When implementing contingency management, the program will:

1. Arrange for regular testing to ensure that the individual is abstaining from substance use.

2. Provide agreed-upon and tangible rewards, such as vouchers, when the individual abstains.

3. Withhold the reward or incentive from the individual when substance use is detected.

4. Assist the individual in establishing alternate and healthier activities to replace the rewards derived from substance use.

Many programs use this practice during pregnancy to promote healthy prenatal behavior in women, such as reducing or quitting substance misuse. Contingency management has proven effective for helping pregnant women quit smoking. It is also effective for helping women in general abstain from cocaine, tobacco, and heroin.

Source: Substance Abuse and Mental Health Services Administration (SAMHSA). Preventing the Use of Marijuana: Focus on Women and Pregnancy. SAMHSA Publication No. PEP19-PL-Guide-2 Rockville, MD: National Mental Health and Substance Use Policy Laboratory. Substance Abuse and Mental Health Services Administration, 2019.

Program Summary

The program provides high-risk pregnant and postpartum women with case management, by a registered nurse, to improve outcomes by assisting with early entry into prenatal care, coordination of services and follow-up care in the postpartum period. Case management includes linkages to obstetric providers, Special Supplemental Nutrition Program for Women, Infants, and Children (WIC), social services, dental care, health insurance enrollment, behavioral health services, and community resources. A licensed clinical therapist offers a weekly support group for participating mothers with Substance Use Disorders (SUD) at no cost. CCHD also coordinates a Medicated Assisted Treatment (MAT) clinic and offers Subutex for pregnant women with opioid dependency. Free Long Acting Reversible Contraceptives (LARC) are offered to program participants at no cost. CCFN funds awarded to CCHD are used to cover the cost of program supplies, such as LARC and infant supplies, including: Pack-N-Plays, Car Seat Assistance Program fees, and infant feeding supplies.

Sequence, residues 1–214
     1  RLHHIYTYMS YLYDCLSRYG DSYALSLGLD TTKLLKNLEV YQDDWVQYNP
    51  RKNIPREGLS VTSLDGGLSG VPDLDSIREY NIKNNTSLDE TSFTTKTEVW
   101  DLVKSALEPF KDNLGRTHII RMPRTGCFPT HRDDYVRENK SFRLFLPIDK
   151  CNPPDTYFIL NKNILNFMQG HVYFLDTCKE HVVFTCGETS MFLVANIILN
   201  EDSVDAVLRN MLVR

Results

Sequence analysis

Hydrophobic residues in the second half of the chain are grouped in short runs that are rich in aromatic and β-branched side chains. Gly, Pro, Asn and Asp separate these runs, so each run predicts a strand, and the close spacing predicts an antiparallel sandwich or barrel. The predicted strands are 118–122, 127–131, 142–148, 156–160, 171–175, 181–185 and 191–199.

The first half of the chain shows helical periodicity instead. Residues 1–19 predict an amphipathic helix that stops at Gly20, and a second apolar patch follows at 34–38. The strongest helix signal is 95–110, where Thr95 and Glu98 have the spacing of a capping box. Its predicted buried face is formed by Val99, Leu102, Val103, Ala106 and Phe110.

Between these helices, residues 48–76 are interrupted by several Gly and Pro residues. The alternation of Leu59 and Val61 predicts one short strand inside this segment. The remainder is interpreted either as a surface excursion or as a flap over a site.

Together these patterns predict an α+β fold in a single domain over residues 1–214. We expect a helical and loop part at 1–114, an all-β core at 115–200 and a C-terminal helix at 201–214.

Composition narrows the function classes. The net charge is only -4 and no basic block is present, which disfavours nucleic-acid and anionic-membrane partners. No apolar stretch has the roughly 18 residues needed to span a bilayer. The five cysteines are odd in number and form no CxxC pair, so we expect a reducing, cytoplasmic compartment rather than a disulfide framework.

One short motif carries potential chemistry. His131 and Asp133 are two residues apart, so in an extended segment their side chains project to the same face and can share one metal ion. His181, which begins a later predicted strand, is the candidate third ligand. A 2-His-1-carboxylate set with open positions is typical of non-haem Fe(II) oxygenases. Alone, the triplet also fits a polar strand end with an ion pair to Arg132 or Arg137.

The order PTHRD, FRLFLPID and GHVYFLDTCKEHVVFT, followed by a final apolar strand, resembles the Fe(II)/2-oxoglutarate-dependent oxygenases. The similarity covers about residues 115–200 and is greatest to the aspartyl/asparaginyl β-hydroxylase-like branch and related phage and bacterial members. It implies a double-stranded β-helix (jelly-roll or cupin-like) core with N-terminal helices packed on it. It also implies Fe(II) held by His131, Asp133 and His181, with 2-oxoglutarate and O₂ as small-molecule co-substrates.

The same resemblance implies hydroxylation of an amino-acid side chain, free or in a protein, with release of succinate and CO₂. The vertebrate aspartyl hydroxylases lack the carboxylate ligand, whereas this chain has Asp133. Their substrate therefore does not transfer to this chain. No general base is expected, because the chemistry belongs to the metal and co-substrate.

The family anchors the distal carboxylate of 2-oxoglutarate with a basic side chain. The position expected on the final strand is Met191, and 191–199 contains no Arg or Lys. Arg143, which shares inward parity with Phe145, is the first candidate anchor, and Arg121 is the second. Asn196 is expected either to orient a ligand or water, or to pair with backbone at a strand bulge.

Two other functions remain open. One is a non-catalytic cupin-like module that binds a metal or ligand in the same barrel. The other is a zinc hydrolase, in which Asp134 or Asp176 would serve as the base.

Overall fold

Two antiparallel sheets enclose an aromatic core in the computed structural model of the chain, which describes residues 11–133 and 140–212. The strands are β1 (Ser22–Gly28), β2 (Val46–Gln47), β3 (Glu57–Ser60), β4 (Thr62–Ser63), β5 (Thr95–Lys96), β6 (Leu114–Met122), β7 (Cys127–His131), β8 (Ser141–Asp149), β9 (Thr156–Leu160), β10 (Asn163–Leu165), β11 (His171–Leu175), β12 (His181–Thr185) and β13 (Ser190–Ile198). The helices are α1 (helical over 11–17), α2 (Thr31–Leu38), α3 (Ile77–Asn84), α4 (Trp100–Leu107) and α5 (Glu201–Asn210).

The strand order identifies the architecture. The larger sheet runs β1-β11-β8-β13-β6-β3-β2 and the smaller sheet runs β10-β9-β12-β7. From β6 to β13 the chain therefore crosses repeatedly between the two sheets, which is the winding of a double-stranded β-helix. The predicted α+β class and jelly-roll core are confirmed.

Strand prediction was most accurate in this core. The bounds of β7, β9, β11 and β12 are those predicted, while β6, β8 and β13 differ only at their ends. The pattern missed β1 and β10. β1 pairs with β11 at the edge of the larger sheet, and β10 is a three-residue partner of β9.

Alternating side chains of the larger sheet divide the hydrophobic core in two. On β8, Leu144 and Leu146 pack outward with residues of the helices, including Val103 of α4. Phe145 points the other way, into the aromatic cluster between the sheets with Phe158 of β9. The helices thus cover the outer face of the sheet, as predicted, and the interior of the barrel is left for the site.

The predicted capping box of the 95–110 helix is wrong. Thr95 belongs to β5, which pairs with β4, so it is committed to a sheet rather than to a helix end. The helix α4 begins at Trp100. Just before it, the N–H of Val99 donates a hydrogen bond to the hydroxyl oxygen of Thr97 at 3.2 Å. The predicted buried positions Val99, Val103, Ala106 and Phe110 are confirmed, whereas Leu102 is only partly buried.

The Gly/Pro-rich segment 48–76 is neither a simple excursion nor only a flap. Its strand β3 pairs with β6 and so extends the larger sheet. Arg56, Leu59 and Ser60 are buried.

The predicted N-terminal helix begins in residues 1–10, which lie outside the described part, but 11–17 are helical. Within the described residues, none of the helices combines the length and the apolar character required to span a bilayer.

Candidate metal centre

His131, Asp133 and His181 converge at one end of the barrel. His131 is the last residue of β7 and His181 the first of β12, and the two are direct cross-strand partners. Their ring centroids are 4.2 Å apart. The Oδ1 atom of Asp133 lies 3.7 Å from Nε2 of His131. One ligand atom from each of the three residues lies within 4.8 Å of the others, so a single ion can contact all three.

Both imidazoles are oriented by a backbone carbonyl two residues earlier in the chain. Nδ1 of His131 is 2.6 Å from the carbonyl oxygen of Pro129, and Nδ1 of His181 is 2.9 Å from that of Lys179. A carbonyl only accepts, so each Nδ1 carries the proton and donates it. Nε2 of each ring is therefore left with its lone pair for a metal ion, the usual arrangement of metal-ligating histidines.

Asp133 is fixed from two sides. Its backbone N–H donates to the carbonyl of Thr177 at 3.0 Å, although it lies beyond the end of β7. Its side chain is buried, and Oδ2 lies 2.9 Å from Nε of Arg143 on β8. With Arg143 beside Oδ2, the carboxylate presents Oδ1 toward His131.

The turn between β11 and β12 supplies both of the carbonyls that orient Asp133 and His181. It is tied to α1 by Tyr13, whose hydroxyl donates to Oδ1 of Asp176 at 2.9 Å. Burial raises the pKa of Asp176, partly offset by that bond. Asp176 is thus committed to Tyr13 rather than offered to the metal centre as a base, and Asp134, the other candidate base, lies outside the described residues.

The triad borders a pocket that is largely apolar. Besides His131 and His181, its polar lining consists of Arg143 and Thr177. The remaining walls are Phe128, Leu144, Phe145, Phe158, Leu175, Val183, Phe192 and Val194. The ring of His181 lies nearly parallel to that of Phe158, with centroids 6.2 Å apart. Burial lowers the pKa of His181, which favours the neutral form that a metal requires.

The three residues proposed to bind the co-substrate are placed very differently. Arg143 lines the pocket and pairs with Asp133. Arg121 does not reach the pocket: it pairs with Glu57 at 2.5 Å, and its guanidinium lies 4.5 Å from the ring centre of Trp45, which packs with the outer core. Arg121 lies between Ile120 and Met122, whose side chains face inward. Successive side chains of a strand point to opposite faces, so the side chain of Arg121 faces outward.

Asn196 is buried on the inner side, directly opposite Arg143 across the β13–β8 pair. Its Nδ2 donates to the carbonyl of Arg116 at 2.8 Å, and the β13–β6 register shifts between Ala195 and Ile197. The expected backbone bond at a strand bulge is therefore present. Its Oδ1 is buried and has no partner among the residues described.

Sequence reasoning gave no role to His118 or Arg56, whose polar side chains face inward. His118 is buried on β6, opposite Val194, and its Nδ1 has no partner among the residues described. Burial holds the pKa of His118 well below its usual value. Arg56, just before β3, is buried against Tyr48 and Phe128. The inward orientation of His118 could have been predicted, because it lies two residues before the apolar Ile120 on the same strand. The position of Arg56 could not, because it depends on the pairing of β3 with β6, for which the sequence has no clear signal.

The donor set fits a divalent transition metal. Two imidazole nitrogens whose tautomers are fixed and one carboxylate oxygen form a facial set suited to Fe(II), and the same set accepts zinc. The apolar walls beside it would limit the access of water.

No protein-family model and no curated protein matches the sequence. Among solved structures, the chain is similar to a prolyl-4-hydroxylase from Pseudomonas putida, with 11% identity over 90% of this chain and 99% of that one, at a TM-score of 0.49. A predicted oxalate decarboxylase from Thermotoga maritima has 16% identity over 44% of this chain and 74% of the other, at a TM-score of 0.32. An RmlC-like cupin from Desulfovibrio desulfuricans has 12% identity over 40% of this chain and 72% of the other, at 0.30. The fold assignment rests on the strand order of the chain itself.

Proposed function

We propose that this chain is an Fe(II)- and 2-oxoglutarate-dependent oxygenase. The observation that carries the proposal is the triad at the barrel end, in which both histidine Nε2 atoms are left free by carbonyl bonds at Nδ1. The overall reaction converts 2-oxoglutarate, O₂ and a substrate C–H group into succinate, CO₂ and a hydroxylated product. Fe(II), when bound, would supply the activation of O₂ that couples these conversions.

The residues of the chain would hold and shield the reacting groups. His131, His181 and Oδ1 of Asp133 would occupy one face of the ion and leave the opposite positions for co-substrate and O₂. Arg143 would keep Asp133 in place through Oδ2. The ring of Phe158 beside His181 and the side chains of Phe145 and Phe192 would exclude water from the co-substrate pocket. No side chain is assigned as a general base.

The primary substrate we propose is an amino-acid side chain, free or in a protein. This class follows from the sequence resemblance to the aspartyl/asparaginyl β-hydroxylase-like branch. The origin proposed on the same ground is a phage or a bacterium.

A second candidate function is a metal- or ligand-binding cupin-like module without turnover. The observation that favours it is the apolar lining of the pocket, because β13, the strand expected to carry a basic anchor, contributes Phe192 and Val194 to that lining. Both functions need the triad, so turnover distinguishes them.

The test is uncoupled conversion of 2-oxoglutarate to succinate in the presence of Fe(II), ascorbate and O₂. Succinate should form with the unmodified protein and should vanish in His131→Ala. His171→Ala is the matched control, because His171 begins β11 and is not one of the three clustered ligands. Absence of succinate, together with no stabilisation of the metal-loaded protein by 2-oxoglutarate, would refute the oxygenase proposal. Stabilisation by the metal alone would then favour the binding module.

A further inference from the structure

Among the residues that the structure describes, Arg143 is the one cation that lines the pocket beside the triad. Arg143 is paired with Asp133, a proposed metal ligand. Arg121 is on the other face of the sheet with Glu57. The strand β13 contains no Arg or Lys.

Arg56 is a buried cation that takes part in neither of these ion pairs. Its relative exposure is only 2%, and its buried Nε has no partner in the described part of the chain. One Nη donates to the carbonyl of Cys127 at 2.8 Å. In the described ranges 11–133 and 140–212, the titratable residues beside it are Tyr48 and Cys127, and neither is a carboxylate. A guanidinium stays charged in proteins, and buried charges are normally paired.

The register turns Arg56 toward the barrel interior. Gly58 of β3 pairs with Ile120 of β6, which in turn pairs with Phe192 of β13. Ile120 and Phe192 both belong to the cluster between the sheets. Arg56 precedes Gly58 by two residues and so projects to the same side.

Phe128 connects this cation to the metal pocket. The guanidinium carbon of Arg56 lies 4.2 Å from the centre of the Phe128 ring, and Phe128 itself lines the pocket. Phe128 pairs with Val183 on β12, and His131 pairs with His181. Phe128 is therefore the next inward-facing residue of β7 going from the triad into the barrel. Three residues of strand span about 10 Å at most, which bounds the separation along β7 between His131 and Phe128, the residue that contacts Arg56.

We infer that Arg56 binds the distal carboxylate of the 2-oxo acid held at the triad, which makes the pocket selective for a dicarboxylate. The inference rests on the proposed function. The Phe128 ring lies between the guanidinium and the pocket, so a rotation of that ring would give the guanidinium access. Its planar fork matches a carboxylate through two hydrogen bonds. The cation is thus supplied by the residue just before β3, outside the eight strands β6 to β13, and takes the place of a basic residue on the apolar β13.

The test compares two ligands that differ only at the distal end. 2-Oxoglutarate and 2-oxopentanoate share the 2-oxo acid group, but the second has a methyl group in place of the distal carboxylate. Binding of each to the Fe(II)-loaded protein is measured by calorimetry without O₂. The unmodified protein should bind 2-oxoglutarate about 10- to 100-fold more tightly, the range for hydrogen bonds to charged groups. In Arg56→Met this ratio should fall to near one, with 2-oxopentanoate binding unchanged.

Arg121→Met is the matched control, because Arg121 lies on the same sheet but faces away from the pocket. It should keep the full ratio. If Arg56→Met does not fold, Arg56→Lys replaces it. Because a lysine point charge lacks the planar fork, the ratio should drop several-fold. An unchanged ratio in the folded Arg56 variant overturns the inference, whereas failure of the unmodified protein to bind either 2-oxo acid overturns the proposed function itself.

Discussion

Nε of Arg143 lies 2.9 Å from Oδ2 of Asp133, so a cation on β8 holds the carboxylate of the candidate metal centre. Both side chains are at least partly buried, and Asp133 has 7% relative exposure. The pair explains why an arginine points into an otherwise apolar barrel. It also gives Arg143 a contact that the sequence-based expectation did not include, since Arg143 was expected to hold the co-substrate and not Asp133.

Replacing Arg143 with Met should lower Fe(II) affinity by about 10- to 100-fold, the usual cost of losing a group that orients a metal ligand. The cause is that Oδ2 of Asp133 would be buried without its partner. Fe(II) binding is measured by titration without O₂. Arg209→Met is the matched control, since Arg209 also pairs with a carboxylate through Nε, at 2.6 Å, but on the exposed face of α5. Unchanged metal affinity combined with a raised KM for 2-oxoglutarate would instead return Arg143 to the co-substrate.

Target Population

The target population for this program are Pregnant women with a history of substance use and/or mental health issues that are single parents, low income and/or have a history of adverse childhood experiences.

Local Highlight

From FY18 through the first half of FY21, 69 babies were born to program participants receiving prental case management, of which 61 (88%) were delivered with a negative toxicology screen for un-prescribed substances. 

Data Discussion

FY21: Several participants delivered out of the county and staff were uable to obtain a copy of the toxicology screen. In the future, Case Management staff will pursue releases of information to be able to get toxicology results on delivery. Additionally, several babies tested positive for Marijuana, not opiates or other un-prescribed substances.